When a sibling leaves for college, the entire family is in state of redefinition. Using the new freedom of parents and the remaining siblings, the family can now embark on new family adventures, explore different hobbies together, and bond around a new family identity. Discover new restaurants, explore new travel destinations, try paintball, check out a new museum, or even have a “stay-cation” to finally enjoy a family night of baseball out at the ballpark. Families now have an opportunity to bond in an unprecedented way and try out new methods of connection. Maybe the departing older sibling wasn’t a baseball fan!

A Growing Circle

When the children begin to leave the nest, parents and kids have an opportunity to expand their social circle. Research shows that mom and dad often reconnect with their own siblings, extended family, and long lost friends at this important time. Younger siblings also have an opportunity to create a closer bond to their parents, aunts, uncles, cousins, and community at large. Again, the family relationships realign and reset to encompass a community that may have been overlooked during the busy years of child rearing.

For More Information:

http://www.apa.org/monitor/apr03/pluses.aspx

https://www.insidehighered.com/news/2014/09/19/research-suggests-relationship-between-siblings-college-enrollment-choice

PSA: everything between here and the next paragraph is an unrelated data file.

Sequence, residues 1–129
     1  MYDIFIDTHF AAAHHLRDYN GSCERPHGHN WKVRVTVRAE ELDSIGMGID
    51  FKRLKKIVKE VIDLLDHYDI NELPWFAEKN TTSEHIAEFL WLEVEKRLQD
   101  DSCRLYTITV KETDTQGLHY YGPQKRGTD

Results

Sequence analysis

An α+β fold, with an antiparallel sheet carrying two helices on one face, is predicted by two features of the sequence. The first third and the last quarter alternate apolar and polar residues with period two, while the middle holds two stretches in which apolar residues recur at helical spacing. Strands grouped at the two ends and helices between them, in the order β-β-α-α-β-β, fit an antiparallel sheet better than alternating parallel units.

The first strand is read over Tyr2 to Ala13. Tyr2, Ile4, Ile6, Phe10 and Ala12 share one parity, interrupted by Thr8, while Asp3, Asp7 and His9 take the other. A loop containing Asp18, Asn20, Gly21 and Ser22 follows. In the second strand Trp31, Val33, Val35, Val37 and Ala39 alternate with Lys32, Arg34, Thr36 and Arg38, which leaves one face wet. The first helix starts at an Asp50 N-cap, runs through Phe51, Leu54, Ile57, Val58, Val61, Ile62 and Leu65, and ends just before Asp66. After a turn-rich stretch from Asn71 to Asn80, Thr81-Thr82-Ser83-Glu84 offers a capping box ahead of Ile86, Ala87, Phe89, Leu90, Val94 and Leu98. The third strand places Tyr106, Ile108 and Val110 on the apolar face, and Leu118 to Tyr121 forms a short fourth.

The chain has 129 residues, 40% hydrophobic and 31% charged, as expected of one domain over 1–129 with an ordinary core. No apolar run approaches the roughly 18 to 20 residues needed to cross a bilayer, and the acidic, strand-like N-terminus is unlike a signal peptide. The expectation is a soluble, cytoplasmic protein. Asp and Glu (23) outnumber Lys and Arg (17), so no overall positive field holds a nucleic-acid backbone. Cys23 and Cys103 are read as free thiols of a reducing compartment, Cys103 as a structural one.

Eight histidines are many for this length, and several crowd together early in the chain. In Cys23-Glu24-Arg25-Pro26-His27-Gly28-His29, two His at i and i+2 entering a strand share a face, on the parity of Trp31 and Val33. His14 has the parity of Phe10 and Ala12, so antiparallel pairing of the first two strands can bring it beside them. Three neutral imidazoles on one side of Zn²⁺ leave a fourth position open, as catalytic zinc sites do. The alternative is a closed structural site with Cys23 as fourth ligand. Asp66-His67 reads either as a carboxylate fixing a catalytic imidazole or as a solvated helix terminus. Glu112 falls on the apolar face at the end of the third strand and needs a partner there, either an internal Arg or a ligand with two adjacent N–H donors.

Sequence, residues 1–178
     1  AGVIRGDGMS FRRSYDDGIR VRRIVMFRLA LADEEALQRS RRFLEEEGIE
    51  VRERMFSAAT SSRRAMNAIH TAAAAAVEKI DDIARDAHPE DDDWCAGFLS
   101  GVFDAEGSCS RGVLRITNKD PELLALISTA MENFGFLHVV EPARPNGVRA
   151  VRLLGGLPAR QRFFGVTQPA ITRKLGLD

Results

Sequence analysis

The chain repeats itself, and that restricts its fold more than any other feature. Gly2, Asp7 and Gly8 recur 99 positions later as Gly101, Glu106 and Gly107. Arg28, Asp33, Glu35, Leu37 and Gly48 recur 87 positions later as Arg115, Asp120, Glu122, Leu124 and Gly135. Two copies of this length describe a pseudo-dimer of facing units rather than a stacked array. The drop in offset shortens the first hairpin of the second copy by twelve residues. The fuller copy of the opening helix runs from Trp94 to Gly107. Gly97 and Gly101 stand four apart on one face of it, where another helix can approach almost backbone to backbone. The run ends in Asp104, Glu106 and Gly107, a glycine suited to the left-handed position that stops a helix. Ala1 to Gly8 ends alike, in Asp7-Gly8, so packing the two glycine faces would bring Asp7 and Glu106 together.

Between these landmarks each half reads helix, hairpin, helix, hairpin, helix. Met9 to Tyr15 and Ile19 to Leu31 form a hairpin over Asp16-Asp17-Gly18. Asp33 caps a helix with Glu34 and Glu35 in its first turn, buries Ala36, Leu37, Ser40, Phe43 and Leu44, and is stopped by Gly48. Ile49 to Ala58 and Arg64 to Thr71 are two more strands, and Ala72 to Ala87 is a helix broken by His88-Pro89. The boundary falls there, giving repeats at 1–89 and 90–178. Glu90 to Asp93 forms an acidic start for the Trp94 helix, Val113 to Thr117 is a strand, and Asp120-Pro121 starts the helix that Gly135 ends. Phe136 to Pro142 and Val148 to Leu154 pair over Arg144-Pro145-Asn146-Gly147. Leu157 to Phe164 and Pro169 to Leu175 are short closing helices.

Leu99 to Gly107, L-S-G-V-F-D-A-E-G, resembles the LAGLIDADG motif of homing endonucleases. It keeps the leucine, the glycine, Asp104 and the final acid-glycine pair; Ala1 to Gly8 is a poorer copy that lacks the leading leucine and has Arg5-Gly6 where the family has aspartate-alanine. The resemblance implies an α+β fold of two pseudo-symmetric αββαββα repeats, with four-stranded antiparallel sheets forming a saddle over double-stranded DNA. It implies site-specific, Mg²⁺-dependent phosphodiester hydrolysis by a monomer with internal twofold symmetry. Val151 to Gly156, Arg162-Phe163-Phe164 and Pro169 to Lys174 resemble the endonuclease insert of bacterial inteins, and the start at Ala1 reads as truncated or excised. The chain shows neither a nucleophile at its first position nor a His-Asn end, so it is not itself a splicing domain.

http://www.huffingtonpost.com/galtime/college-bound-the-impact-on-the-siblings-left-behind_b_3721334.html

https://www.noodle.com/articles/helping-younger-siblings-cope-when-your-child-heads-to-college

How To Build A Team In "Evolve" - By Chris Gearing

Tuesday, March 31, 2015

Watch Chris and Dr. Sylvia describe how you can build a successful team for video games like Evolve, DOTA 2, and League of Legends or even just for a project at work! click here.

Christian Grey's Need For Control In "Fifty Shades of Grey" - By Chris Gearing

Wednesday, February 25, 2015

Watch Dr. Sylvia Gearing and Chris Gearing discuss why Christian Grey has such a desperate need for control in the new hit film, "Fifty Shades of Grey" - txt to link goes here.

Trauma and Romantic Relationships In "Fifty Shades of Grey" - By Chris Gearing

Monday, February 23, 2015

Watch Dr. Sylvia Gearing and Chris Gearing discuss how trauma affects romantic relationships in the new hit movie "Fifty Shades of Grey" - click here.

Christian Grey's Childhood Trauma In "Fifty Shades of Grey" - By Chris Gearing

Friday, February 20, 2015

Watch Dr. Sylvia Gearing and Chris Gearing discuss the role of childhood trauma in the new hit film, "Fifty Shades of Grey" - click here.